While we’re seeing some exciting leaps forward in virtual reality and augmented reality right now, the human body is still adjusting to these types of immersive experiences. Now scientists may have found a fix for one of the recurring problems of VR/AR: eye fatigue.
Strap on a VR headset or some AR glasses for an extended period of time, and you might start to feel the strain on your eyes as you would when looking at any electronic screen. The long-term effects on the eyes are still unknown, but you’re basically looking at an artificial representation of a 3D world rather than real life.
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The use of a stereoscopic display – showing the left and the right eye slightly different images to create the illusion of depth – creates what’s technically known as a vergence-accommodation conflict. Ordinarily our eyes naturally adjust their focus to look at something far off or nearby, but in VR they’re asked to continually adjust their focus even though everything is on a screen only a few inches away, and that means a disconnect between where our eyes are looking and where they’re focusing.
Enter a new type of display module developed by scientists from the University of Illinois at Urbana-Champaign. Using an approach called optical mapping, realistic 3D images can be created by using a series of 2D subpanel images, even though the display remains very close to the eyes, genuine depth cues are created.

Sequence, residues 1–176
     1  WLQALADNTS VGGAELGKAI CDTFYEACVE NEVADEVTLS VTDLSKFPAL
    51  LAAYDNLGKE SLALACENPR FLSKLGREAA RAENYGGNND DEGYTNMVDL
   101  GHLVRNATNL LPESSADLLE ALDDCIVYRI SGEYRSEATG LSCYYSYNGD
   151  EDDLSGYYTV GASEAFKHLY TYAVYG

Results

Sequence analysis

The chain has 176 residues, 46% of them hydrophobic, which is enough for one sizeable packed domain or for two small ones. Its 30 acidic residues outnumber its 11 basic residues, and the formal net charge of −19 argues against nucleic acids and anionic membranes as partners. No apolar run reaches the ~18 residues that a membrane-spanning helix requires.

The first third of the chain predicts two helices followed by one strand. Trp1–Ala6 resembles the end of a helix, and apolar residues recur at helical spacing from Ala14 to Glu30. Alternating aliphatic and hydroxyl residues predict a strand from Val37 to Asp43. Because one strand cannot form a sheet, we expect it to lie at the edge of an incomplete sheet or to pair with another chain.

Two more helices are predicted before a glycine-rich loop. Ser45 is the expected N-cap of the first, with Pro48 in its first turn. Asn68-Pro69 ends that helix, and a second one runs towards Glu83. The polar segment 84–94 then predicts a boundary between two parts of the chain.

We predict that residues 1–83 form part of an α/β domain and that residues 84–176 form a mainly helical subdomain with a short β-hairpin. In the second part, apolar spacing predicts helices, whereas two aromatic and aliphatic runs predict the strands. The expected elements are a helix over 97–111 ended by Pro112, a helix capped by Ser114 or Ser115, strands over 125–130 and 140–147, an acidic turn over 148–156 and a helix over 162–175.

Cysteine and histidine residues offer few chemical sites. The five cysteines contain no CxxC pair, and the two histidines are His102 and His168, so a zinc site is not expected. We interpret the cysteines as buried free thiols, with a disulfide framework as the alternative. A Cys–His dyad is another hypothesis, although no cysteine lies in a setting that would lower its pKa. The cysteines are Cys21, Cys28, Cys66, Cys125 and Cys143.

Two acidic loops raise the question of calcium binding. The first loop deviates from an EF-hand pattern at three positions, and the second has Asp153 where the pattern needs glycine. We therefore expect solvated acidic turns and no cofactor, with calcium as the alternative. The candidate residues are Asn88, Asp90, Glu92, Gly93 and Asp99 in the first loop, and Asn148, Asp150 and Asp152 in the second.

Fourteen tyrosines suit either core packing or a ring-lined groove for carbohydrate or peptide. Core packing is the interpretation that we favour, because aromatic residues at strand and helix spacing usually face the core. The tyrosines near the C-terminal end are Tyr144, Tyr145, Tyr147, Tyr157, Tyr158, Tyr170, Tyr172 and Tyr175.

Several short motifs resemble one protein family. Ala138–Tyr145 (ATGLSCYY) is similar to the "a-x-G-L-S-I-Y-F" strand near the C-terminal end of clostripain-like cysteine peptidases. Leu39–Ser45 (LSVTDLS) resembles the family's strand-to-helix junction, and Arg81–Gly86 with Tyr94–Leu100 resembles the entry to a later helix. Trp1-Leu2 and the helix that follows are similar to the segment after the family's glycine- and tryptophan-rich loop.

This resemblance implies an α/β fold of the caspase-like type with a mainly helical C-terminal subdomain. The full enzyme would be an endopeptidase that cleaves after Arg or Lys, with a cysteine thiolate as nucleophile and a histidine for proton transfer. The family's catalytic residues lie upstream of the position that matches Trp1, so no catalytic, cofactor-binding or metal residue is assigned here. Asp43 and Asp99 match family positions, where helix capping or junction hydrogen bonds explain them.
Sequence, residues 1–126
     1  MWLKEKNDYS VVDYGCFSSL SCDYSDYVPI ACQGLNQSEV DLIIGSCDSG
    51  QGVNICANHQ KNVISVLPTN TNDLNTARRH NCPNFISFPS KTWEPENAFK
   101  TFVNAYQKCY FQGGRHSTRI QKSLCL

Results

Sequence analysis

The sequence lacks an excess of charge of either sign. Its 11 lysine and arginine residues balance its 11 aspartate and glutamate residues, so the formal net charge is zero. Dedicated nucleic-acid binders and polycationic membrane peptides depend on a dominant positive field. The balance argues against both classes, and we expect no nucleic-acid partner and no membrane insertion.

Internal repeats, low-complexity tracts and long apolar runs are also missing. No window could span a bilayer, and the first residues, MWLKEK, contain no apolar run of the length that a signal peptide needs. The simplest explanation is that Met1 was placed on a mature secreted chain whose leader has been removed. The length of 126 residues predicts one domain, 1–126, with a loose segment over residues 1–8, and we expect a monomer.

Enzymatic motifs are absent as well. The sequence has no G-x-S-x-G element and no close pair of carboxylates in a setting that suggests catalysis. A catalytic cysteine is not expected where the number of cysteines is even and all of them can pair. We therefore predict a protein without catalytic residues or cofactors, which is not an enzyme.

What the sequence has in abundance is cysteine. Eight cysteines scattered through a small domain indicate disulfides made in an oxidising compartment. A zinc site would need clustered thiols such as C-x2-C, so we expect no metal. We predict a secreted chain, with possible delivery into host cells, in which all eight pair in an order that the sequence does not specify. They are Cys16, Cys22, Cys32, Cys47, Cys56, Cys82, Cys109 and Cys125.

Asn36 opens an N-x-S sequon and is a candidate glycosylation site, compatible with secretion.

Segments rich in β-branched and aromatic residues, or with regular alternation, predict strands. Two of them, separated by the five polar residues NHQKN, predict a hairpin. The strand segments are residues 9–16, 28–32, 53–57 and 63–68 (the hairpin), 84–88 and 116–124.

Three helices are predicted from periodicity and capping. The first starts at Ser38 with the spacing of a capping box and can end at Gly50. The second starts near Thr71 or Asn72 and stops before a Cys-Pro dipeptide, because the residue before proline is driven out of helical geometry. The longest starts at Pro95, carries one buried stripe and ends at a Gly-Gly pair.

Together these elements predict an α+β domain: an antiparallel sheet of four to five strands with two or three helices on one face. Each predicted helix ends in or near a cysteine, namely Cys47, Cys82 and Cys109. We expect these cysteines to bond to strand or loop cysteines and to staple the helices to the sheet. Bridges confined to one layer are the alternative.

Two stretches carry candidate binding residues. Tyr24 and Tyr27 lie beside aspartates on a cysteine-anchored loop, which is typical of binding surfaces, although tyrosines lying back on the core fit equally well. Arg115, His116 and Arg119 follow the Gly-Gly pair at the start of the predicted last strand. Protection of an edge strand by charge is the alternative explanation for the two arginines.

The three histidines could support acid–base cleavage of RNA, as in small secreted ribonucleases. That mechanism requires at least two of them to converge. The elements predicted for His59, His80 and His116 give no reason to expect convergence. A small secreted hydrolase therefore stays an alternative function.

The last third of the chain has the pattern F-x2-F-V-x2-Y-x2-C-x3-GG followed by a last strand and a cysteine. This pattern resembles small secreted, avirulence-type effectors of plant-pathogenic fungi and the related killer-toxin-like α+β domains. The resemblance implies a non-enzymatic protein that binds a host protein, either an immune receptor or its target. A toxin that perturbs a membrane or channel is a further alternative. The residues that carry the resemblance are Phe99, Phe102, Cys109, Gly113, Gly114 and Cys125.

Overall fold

Thanks to algorithms created by the team behind the optical mapping near-eye (OMNI) technology, the eyes get their natural focus cues just as they do in the real world, limiting the vergence-accommodation conflict. In other words, where our eyes are pointing matches up with where our eyes are focusing again.
“People have tried methods similar to ours to create multiple plane depths, but instead of creating multiple depth images simultaneously, they changed the images very quickly,” explains Liang Gao, one of the researchers on the team. “However, this approach comes with a trade-off in dynamic range, or level of contrast, because the duration each image is shown is very short.”
The researchers built the new OMNI technology into an OLED screen with four subpanels, using a spatial multiplexing technique to change the depths of each panel while keeping objects aligned along the same viewing axis.
With the help of a demo black-and-white video of parked cars close to and far from the camera, the team was able to generate depth perception in a way that fits naturally with the way the human eye perceives depth.
The early results are promising, but it’s going to be some time before we see these modules inside a HTC Vive or an Oculus Rift. The developers are working on reducing the size, weight and power consumption of the technology before they can start talking to commercial partners about mass production.
A paper discussing the new 3D mapping approach has been published in Optics Letters.
The Optical Society
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